After back-to-back losses to the Carolina Panthers and New Orleans Saints, head coach Jim Harbaugh and the San Francisco 49ers traveled across the country on Monday Night Football and set the record straight.
From the get-go, the Washington Redskins looked outmatched in every way possible. Offensive coordinator Greg Roman unleashed a well-designed aerial attack that exploited one of the league's worst pass defenses.
The plan of attack was a bit confusing in the early stages of the game based on the fact the 49ers are such a run-heavy team, yet once quarterback Colin Kaepernick and his pass-catching options got on the same page everything started to click.
After a 10-point first half, San Francisco’s offense put together three scoring drives in the second half to put the game on ice. Kap’s first touchdown pass of the third quarter was to Pro Bowl wide receiver Anquan Boldin, while his second was to Pro Bowl tight end Vernon Davis.
Those two scores through the air were in addition to the one touchdown pass he had thrown in the first quarter. By the time the clock had struck zero, every 49er drive that ended in a touchdown either included a Kaepernick-Davis connection or a Kaepernick-Boldin connection.
This, in turn, should come as a surprise to no one considering the third-year signal-caller has relied on both players all season long to garner points. Even though Kaepernick turned in a fine performance to the tune of 235 yards passing, three touchdowns and a passer rating of 134.5, there’s no question he needs to find regularity in his game.
Davis in particular, had effusive praise for his quarterback following the game, telling the Associated Press (via ESPN), "Colin, he's been taking a lot of criticism, but one thing I like about Colin, he's always hanging in there, he's always fighting through adversity. He's one of those guys who's tough."
The problem isn't Kaepernick's toughness, though.
Too often Kap shines against inferior opponents, but then is unable to carry that production over against stiffer competition. He needs to find a way to play championship-caliber football when he goes head-to-head with the top-tier teams in the league. When one takes the time to examine his numbers, his outings versus teams with losing records compared to those with winning records is night and day.
Against the Green Bay Packers, Seattle Seahawks, Indianapolis Colts, Arizona Cardinals, Panthers and Saints, Kaepernick’s stat line is as follows: 1,159 yards passing, seven touchdowns and seven interceptions.
Against the St. Louis Rams, Houston Texans, Tennessee Titans, Jacksonville Jaguars and Redskins, his stat line is incredibly different: 878 yards passing, seven touchdowns and zero interceptions. It’s safe to say Kap is a much more relaxed player when the 49ers play teams they are supposed to beat.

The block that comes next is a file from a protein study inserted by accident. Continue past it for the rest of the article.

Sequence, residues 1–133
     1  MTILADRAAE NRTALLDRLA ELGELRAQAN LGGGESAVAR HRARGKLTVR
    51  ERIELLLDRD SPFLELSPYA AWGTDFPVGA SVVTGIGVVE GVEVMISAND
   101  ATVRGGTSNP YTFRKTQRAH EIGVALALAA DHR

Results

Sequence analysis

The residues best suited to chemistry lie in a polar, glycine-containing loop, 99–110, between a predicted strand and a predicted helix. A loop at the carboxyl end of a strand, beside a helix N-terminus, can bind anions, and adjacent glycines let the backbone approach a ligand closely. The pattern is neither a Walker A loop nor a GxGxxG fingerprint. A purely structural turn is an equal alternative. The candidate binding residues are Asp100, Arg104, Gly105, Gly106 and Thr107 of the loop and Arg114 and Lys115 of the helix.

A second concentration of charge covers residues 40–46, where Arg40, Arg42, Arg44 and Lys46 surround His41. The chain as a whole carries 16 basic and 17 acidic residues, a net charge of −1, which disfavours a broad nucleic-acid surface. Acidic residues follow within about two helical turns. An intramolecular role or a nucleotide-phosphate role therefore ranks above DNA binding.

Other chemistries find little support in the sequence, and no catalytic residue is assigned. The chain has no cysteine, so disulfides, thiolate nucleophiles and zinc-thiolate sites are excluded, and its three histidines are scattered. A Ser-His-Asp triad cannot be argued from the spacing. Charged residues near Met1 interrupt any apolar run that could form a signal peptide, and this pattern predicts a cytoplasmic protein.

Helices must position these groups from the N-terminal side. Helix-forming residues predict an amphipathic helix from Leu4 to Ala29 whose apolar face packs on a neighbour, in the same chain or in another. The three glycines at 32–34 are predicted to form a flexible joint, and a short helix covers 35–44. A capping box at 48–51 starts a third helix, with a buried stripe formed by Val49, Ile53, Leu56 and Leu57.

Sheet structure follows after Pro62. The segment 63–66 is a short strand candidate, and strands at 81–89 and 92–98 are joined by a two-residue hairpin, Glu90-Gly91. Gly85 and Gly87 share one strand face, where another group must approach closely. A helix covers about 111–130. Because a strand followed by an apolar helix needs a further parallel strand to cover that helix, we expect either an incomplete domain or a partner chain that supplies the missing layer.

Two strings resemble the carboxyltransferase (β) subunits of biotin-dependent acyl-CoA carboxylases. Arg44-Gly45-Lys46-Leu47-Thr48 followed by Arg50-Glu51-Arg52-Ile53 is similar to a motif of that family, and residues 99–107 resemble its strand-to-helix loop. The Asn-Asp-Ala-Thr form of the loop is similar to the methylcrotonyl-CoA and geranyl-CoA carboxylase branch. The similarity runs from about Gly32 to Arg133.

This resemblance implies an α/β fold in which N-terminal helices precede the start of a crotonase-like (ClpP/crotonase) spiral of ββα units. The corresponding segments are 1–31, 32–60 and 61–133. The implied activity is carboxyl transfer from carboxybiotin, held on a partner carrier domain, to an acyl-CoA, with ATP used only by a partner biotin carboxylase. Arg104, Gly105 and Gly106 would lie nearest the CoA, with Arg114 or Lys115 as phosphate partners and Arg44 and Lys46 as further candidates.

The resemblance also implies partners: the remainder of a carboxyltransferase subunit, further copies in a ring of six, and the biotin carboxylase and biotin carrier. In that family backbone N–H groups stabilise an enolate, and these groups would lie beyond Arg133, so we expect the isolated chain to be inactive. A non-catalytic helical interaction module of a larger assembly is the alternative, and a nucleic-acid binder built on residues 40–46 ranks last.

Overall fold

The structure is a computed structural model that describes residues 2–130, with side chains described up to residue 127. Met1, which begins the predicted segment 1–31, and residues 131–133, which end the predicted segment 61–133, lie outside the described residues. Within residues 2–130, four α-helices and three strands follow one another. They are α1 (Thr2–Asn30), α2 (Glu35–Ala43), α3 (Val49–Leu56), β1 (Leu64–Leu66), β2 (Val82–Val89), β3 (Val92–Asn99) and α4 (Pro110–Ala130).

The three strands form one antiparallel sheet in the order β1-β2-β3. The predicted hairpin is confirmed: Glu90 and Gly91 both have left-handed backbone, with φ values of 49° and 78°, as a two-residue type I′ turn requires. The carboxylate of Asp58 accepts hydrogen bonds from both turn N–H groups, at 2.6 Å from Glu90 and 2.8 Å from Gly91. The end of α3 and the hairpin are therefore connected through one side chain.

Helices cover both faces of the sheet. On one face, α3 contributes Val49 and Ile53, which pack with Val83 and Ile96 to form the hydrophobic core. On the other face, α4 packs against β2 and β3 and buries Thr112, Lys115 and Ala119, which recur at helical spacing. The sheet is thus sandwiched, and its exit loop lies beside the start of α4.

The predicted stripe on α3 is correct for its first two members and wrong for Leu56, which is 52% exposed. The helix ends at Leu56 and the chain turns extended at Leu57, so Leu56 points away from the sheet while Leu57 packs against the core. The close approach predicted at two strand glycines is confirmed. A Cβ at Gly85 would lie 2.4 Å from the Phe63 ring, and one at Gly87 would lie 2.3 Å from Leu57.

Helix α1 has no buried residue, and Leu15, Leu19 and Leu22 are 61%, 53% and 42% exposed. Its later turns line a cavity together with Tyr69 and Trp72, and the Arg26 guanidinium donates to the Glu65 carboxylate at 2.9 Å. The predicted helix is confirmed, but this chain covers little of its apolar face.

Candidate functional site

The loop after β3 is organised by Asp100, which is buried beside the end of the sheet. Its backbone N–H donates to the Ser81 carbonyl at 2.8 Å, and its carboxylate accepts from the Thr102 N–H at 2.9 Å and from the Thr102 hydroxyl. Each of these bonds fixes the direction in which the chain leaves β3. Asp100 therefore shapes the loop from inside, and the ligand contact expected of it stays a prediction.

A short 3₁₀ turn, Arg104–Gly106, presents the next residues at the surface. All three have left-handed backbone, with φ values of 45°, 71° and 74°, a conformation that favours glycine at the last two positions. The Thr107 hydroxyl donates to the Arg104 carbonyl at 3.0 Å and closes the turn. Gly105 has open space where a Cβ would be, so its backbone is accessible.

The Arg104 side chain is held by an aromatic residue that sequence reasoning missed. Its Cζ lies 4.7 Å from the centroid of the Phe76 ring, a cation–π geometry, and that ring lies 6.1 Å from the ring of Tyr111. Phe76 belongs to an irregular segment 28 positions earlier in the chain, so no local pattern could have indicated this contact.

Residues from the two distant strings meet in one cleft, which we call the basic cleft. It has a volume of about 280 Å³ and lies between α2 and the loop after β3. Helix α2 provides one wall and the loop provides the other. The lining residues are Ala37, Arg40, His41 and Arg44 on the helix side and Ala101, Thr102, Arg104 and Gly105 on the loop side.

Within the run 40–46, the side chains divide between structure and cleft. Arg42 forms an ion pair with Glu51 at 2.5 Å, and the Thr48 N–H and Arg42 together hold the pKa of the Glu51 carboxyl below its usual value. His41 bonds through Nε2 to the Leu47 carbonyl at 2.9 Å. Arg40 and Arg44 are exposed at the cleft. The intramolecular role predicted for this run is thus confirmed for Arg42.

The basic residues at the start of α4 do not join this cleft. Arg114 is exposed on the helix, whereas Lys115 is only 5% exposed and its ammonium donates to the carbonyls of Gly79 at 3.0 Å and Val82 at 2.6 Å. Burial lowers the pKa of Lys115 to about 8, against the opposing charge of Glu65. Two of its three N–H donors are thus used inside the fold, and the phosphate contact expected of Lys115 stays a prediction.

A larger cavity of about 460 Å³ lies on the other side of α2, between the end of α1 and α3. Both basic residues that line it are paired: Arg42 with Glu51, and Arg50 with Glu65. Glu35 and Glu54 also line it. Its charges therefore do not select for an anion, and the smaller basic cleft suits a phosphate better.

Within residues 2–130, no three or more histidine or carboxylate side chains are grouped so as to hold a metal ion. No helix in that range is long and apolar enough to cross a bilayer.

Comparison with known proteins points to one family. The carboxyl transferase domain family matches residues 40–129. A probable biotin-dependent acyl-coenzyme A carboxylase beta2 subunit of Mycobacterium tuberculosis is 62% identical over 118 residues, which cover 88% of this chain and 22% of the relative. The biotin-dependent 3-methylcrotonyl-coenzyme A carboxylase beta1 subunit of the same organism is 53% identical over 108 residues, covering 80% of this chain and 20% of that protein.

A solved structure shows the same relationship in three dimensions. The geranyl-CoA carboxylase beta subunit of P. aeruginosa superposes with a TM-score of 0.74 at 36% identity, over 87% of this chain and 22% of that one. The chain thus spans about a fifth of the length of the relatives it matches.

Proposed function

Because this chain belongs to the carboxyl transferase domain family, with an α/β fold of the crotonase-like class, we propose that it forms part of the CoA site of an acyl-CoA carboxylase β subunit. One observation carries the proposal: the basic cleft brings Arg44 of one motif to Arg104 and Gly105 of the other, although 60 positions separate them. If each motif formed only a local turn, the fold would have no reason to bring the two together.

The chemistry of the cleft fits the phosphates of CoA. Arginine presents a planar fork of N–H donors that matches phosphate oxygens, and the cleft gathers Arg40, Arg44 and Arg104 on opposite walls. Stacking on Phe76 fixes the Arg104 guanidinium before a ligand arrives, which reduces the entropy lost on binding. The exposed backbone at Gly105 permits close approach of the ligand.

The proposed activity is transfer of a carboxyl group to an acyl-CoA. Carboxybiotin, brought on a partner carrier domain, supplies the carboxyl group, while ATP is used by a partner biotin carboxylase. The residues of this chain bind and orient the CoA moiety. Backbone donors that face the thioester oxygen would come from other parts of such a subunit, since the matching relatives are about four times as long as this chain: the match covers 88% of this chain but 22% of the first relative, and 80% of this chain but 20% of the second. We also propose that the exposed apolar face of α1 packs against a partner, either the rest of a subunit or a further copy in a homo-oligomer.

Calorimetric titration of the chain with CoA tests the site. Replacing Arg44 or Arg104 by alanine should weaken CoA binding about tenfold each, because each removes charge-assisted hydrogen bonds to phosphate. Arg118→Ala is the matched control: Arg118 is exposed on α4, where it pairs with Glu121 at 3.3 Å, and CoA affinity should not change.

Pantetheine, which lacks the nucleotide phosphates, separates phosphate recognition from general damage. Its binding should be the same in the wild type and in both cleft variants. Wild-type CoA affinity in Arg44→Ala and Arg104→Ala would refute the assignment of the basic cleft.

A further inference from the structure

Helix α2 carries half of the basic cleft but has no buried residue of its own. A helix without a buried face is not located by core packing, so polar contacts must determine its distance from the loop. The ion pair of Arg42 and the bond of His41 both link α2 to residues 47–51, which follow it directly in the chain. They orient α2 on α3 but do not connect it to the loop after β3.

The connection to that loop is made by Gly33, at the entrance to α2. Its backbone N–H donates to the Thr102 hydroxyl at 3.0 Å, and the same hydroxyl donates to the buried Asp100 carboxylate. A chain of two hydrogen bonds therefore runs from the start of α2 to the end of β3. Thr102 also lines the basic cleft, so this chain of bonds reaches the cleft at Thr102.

Yet, it shouldn’t be this way. Kaepernick has to do a better job of dominating top-notch teams. There’s no reason he can’t live up to expectations and be a more consistent quarterback. Shoot, he did it last year when he supplanted Alex Smith in the starting lineup.
By now, we have all heard every excuse in the book when it comes to San Francisco’s offense. But at some point, the excuses have to stop and Kaepernick has to do a better job of elevating the play of the players around him. That’s what good quarterbacks do.
Without a doubt, wide receiver Michael Crabtree’s presence would help the young quarterback, yet his existence alone shouldn’t determine the success of the 49ers passing game. San Francisco may have the league’s worst passing attack from a statistical standpoint, but that doesn’t mean they have the worst wide receiving corps.
You can’t sit here and tell me the New York Jets, Oakland Raiders and Jaguars have a more deadly group of wideouts than the 49ers. Yes, the Niners are lacking a vertical threat that stretches the field, but how much longer can we justify that as the reason as to why San Francisco is struggling on offense?
This is the NFL; every team has to deal with injuries and every team has to play with the hand its dealt. Obviously coaching plays a huge role into what teams are trying to do on a weekly basis, but players still have to execute the plays that are being called on the field.
Consistency is what separates average quarterbacks from great quarterbacks. And right now, Kaepernick is nothing more than an average quarterback who shows up versus a favorable matchup. He’s lucky he has one of the best defenses in the NFL in his corner.
Whether you agree with the assessment that Kap needs to become a more consistent player is beside the point, because the numbers don’t lie. According to the analysts at Pro Football Focus (subscription required), Kaepernick has only turned in a positive performance four times this year.
Of those four positive performances, not a single one came against a team with a winning record.
Additionally, PFF has him down as the 31st-best quarterback in the league. The good news is Kaepernick still has five regular-season games left to prove that he can be a more dependable quarterback week in and week out.
With upcoming games versus the Rams, Seahawks and Cardinals, Kap has the opportunity to grow up in front of our eyes. If he doesn’t make us believers from now until the end of the season, the 49ers will be sitting at home, while the Cardinals make their first postseason appearance since 2009.